Since Christmas is fast approaching, we wanted to take some time to talk gifts. That’s what the holiday is all about, right?
I think almost all of us (even the Whos in Whoville) would agree that that is not the case. Yet our actions — and the commercials the last 3 months of the year — seem to indicate otherwise.
As I was researching to find out what the average family spends at Christmas, every story I found talked about the increased level of spending year-over-year as positive. I’m sure it is better for the economy for people to outspend themselves, but is it really good?
Americans estimate they’ll spend $781 at Christmas this year.* I budget $180.
It’s not about the numbers, though. If I had children, I’d undoubtedly choose to spend more. Gift giving is good: God is a gift giver, graciously giving us what we don’t deserve.
No matter how much you spend, Christmas is not worth going into debt over. Especially when you consider how many gifts end up in closets, lining Goodwill’s shelves or in landfills.
That said, here are the principles I use to guide my gift giving:
Budget for Christmas throughout the year. I budget $15 each month for Christmas. This also allows me to spend it early when I find a good deal, since I don’t have to wait for a bonus or a special credit card offer.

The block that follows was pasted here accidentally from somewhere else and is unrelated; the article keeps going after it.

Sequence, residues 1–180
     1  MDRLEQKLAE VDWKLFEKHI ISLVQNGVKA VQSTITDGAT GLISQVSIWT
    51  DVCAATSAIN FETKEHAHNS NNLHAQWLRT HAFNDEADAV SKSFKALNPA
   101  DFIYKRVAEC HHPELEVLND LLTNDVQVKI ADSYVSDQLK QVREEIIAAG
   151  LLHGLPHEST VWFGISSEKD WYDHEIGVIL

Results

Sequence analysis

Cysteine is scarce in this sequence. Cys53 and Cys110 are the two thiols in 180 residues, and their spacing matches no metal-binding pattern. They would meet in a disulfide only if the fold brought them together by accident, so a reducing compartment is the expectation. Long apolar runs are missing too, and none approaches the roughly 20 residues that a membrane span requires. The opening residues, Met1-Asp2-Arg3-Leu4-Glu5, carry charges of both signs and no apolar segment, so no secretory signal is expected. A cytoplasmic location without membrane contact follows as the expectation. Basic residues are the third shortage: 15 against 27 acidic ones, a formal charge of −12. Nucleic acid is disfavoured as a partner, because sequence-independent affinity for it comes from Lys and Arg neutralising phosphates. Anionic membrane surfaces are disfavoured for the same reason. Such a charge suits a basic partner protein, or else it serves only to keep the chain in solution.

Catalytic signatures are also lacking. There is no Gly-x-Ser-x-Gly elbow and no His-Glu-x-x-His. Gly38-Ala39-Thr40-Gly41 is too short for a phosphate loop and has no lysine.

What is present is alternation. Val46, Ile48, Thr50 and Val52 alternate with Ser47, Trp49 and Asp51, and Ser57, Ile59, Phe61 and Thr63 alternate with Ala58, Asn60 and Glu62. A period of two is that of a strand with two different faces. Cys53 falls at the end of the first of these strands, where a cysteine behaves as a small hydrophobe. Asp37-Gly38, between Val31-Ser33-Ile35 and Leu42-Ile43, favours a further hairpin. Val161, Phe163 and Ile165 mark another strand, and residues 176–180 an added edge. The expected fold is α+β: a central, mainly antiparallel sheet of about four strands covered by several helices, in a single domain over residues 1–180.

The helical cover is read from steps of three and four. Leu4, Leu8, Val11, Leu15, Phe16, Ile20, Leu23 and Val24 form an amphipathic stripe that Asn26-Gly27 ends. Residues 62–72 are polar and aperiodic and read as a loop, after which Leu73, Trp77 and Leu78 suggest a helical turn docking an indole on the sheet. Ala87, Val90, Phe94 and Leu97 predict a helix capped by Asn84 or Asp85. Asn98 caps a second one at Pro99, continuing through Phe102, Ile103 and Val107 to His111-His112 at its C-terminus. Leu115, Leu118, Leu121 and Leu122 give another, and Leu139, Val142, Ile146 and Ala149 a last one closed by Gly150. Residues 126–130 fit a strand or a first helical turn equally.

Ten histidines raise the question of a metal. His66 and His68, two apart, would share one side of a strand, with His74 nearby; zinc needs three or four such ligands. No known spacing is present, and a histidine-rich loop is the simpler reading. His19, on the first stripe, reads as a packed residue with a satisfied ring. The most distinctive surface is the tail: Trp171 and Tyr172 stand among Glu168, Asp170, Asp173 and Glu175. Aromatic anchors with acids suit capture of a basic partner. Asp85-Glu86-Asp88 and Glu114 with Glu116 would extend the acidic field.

Focus on gifts that encourage accumulation of experiences, not possessions. I love giving games, for example. This is something I want to get more creative with in the coming years.
Gifts that require your time are more valuable than those that require your money. One of my favorite gifts each year is reading and recording books for my niece and nephew. I’m reading The Chronicles of Narnia for Bean and Roald Dahl books for Peanut, giving them a new installment each year. They’re still too young to appreciate it, but I hope they find it precious as they grow up.
Avoid gifts that require batteries, especially for kids. My niece and nephew get enough of those already; I want to stimulate their imaginations and grow their view of the world. Books are great, as are puzzles, blocks, art supplies and imaginative play items.
Try to have all your gifts ready by Thanksgiving. I’m not always good at this one, but I find the holiday season more enjoyable when this is done. Shopping early also discourages overspending, as I’m not just buying whatever I can find that works. For gifts that I buy, I love to shop online as I’m much better about considering purchases without the distractions of other shoppers and items.
Don’t give a gift just because you think they’re going to give a gift to you. Obligation gifts feel like obligations to both involved. Give gifts as an expression of love.
Tomorrow, Amanda will talk about how she and her family handle gift giving. If I’m lucky, maybe I’ll find out what I’m getting for Christmas this year, right?
Photo by Jennifer C.
* “Americans’ Initial Christmas Spending Estimate Is Positive”, http://www.gallup.com/poll/178859/americans-initial-christmas-spending-estimate-positive.aspx .